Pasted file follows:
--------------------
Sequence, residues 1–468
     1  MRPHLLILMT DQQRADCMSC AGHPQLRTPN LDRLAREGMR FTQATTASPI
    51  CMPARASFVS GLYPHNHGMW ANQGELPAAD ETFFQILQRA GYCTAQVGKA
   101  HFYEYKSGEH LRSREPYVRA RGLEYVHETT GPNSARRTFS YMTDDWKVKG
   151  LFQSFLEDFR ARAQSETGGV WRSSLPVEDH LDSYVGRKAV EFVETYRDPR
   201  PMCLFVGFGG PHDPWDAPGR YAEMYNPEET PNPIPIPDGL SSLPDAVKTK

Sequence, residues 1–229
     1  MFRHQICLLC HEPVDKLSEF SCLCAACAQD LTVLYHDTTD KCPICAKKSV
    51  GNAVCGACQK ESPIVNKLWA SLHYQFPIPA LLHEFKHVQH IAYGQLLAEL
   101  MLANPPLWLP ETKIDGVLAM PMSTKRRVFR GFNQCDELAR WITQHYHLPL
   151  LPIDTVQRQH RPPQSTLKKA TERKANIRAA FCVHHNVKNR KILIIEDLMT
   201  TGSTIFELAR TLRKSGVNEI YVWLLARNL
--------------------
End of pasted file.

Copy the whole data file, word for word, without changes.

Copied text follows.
Sequence, residues 1–468
     1  MRPHLLILMT DQQRADCMSC AGHPQLRTPN LDRLAREGMR FTQATTASPI
    51  CMPARASFVS GLYPHNHGMW ANQGELPAAD ETFFQILQRA GYCTAQVGKA
   101  HFYEYKSGEH LRSREPYVRA RGLEYVHETT GPNSARRTFS YMTDDWKVKG
   151  LFQSFLEDFR ARAQSETGGV WRSSLPVEDH LDSYVGRKAV EFVETYRDPR
   201  PMCLFVGFGG PHDPWDAPGR YAEMYNPEET PNPIPIPDGL SSLPDAVKTK

Sequence, residues 1–229
     1  MFRHQICLLC HEPVDKLSEF SCLCAACAQD LTVLYHDTTD KCPICAKKSV
    51  GNAVCGACQK ESPIVNKLWA SLHYQFPIPA LLHEFKHVQH IAYGQLLAEL
   101  MLANPPLWLP ETKIDGVLAM PMSTKRRVFR GFNQCDELAR WITQHYHLPL
   151  LPIDTVQRQH RPPQSTLKKA TERKANIRAA FCVHHNVKNR KILIIEDLMT
   201  TGSTIFELAR TLRKSGVNEI YVWLLARNL